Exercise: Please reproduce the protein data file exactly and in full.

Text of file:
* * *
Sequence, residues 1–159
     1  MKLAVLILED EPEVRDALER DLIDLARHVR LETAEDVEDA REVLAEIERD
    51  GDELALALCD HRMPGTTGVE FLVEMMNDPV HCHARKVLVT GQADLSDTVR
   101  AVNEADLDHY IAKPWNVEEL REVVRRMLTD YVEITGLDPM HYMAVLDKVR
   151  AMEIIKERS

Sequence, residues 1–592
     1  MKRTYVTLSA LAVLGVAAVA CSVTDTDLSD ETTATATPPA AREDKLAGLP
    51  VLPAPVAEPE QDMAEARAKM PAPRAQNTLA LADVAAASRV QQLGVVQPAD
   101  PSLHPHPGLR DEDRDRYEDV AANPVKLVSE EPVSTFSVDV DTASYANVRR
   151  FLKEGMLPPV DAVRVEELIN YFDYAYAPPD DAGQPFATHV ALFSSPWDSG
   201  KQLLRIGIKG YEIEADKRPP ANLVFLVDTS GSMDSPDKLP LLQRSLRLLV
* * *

Sequence, residues 1–159
     1  MKLAVLILED EPEVRDALER DLIDLARHVR LETAEDVEDA REVLAEIERD
    51  GDELALALCD HRMPGTTGVE FLVEMMNDPV HCHARKVLVT GQADLSDTVR
   101  AVNEADLDHY IAKPWNVEEL REVVRRMLTD YVEITGLDPM HYMAVLDKVR
   151  AMEIIKERS

Sequence, residues 1–592
     1  MKRTYVTLSA LAVLGVAAVA CSVTDTDLSD ETTATATPPA AREDKLAGLP
    51  VLPAPVAEPE QDMAEARAKM PAPRAQNTLA LADVAAASRV QQLGVVQPAD
   101  PSLHPHPGLR DEDRDRYEDV AANPVKLVSE EPVSTFSVDV DTASYANVRR
   151  FLKEGMLPPV DAVRVEELIN YFDYAYAPPD DAGQPFATHV ALFSSPWDSG
   201  KQLLRIGIKG YEIEADKRPP ANLVFLVDTS GSMDSPDKLP LLQRSLRLLV